Plov (Uzbek Rice Pilaf)

[Photograph: Max Falkowitz]

There are as many recipes for plov, the Uzbek version of rice pilaf, as there are cooks who make it. Choices of meats, vegetables, and spices are up for debate, but all plovs start with more liquid than your typical rice pilaf, almost a proto-stew which the rice soaks up. My plov eschews meat for ample amounts of vegetables, which makes for a lighter, cleaner end result. But if you want to make this a one-pot meal, add a pound of cubed lamb shoulder and use rendered lamb or duck fat as your cooking medium. Though plov isn't always made with saffron (it's often seen as too humble for such luxury), it's one of my favorite applications for the spice. Saffron deepens the flavors of cumin, coriander, and caramelized vegetables while contributing an addictive aroma.

This is a simple, humble dish, but it's some of the best comfort food I know. It's a crowd pleaser with a touch of the exotic, hearty but not heavy. Perfect winter grub.

Plov (Uzbek Rice Pilaf)

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About This Recipe

Yield:4
Active time:30 minutes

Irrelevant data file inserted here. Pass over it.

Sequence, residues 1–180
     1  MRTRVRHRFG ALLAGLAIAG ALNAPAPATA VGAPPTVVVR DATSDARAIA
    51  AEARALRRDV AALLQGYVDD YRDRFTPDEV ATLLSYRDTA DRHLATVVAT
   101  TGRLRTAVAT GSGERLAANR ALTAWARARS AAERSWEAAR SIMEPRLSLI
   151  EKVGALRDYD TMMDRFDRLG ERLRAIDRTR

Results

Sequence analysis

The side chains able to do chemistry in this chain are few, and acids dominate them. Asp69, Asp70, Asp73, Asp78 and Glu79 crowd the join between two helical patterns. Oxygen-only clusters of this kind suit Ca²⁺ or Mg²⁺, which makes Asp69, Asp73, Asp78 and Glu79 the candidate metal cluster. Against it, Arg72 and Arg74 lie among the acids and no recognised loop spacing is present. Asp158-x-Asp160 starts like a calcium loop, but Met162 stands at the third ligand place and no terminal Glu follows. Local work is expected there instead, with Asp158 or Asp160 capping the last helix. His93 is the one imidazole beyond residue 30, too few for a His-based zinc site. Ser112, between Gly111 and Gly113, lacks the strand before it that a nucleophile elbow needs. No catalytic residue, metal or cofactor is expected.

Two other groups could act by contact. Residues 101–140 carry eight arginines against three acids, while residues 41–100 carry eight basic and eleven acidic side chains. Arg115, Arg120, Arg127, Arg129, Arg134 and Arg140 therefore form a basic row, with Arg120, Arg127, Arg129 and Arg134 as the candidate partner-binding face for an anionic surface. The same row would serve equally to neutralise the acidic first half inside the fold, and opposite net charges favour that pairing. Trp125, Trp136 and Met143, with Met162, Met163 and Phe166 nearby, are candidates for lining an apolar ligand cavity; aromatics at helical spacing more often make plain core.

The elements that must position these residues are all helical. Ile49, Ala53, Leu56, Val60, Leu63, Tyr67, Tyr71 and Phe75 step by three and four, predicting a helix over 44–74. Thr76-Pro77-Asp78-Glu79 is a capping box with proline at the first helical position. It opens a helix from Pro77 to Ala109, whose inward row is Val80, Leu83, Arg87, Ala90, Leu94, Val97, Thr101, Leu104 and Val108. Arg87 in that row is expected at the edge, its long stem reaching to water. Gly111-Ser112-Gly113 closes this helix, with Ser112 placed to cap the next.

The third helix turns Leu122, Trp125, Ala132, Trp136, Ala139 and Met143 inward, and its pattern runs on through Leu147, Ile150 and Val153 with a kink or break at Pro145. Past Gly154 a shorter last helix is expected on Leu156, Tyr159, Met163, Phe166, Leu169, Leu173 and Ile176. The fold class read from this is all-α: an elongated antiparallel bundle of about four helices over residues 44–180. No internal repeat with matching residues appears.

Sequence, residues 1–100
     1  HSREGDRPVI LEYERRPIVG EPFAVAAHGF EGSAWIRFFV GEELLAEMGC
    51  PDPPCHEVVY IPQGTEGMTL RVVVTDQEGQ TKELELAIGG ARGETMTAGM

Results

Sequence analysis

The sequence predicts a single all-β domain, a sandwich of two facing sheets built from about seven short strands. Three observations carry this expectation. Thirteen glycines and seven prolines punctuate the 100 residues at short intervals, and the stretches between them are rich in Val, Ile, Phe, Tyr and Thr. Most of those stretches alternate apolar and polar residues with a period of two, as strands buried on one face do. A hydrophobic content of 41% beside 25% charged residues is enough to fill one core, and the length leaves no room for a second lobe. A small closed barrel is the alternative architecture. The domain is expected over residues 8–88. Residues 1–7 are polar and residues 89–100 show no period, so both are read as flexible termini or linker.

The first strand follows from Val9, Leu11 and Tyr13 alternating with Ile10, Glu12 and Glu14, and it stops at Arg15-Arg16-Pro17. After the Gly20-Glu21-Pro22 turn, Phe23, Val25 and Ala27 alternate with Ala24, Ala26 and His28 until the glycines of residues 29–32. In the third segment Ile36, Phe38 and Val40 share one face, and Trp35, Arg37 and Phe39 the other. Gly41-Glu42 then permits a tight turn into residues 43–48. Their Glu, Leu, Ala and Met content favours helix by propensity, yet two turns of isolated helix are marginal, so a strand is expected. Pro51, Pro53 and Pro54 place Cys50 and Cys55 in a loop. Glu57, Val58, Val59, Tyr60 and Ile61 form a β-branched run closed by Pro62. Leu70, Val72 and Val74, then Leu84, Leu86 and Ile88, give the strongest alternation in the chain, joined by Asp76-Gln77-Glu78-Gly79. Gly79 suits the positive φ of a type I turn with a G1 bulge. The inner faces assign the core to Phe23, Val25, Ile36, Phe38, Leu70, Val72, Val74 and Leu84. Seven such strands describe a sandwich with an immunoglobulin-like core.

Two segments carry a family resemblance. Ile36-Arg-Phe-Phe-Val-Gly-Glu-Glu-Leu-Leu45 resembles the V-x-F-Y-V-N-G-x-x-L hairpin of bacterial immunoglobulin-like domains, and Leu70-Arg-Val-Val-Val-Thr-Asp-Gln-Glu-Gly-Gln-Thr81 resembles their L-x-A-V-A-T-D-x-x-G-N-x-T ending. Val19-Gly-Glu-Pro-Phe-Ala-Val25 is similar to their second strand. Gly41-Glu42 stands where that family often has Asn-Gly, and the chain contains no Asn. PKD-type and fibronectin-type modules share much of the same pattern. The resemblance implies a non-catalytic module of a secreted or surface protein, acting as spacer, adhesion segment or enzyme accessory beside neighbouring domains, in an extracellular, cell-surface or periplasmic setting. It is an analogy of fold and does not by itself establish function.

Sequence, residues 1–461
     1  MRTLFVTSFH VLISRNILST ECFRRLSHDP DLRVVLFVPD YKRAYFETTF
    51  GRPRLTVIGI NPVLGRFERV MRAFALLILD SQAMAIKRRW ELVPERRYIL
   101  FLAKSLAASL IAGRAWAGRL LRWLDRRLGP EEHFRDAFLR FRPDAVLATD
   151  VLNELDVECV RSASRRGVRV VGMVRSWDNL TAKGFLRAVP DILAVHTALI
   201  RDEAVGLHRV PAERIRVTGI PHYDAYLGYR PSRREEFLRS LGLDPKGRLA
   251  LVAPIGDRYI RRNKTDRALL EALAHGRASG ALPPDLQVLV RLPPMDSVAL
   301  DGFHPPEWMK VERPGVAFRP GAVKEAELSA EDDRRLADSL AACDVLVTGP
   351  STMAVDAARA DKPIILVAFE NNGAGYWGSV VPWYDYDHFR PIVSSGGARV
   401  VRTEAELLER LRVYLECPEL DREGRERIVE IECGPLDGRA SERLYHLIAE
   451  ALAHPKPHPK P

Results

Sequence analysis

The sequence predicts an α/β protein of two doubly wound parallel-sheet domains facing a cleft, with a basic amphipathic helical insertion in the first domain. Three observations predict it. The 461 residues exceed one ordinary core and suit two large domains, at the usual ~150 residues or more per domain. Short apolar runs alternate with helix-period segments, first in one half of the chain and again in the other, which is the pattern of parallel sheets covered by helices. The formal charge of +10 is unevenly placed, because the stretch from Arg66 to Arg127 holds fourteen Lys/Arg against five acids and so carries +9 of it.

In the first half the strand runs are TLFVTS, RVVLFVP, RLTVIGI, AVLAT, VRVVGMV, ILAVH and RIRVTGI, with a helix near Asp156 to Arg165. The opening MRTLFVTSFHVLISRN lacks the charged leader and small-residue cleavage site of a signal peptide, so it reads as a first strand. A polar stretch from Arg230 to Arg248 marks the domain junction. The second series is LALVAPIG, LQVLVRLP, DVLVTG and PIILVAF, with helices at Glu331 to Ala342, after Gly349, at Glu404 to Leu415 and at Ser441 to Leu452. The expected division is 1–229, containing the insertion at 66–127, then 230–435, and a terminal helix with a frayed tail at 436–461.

Total time:45 minutes
This recipe appears in: Spice Hunting: What's The Deal With Saffron?
Rated:

Ingredients

  • 1 cup long-grained rice
  • 1/4 cup oil (or lamb or duck fat)
  • 2 large carrots, shredded on the small holes of a box grater
  • 2 medium onions, sliced into thin half moons
  • 2 teaspoons kosher salt
  • 2 teaspoons coriander, toasted and freshly ground
  • 1 1/2 teaspoons cumin, toasted and freshly ground
  • 1 teaspoon smoked paprika
  • Pinch saffron, about 20 threads

Procedures

  1. 1

    Rinse rice in a fine mesh strainer until water runs clear. Transfer rice to bowl and cover with water while prepping other ingredients.

  2. 2

    Heat oil on high in large sauté pan until almost smoking and stir in carrots. Fry, stirring frequently, until oil is orange colored and carrots are deeply caramelized on the edges. Add onions and salt, stir to coat with oil, and fry until browned.

  3. 3

    Add spices and stir to combine until fragrant, then add rice. Stir frequently until rice browns slightly and smells nutty. Pour in one cup fresh water, bring to a boil, then reduce to a simmer and cover. Let rice cook for 15 minutes, then check for doneness—add water in 1/4 cup increments if rice is still dry and cook uncovered. Fold rice on bottom of pan over to prevent burning. Plov is done when rice is tender but still toothsome. Season to taste and serve immediately.

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